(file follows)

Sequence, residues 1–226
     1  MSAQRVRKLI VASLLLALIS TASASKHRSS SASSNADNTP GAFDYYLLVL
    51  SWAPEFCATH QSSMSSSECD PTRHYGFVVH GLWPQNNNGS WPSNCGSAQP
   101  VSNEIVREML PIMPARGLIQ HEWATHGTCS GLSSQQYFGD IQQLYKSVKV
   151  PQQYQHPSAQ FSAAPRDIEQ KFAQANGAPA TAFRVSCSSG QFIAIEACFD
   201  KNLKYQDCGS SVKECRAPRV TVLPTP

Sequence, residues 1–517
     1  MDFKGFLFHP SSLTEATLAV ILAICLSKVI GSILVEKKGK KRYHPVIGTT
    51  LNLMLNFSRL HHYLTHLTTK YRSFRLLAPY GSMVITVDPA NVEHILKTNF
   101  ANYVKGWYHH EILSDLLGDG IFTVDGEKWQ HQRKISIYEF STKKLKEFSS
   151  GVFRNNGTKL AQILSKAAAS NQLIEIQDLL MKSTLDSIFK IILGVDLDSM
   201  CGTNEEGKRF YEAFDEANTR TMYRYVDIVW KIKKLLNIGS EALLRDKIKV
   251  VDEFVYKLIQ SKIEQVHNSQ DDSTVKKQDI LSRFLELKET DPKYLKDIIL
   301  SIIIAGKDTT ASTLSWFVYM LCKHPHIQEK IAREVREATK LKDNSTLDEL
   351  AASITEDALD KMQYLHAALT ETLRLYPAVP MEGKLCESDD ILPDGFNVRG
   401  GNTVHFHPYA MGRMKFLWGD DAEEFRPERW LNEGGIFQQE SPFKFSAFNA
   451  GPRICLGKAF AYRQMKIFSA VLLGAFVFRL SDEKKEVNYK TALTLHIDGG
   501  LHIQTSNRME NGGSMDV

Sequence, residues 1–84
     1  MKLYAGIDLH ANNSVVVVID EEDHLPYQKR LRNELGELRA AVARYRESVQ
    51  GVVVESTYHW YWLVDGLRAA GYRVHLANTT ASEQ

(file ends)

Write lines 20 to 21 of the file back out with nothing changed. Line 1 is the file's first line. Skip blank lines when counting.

     1  MKLYAGIDLH ANNSVVVVID EEDHLPYQKR LRNELGELRA AVARYRESVQ
    51  GVVVESTYHW YWLVDGLRAA GYRVHLANTT ASEQ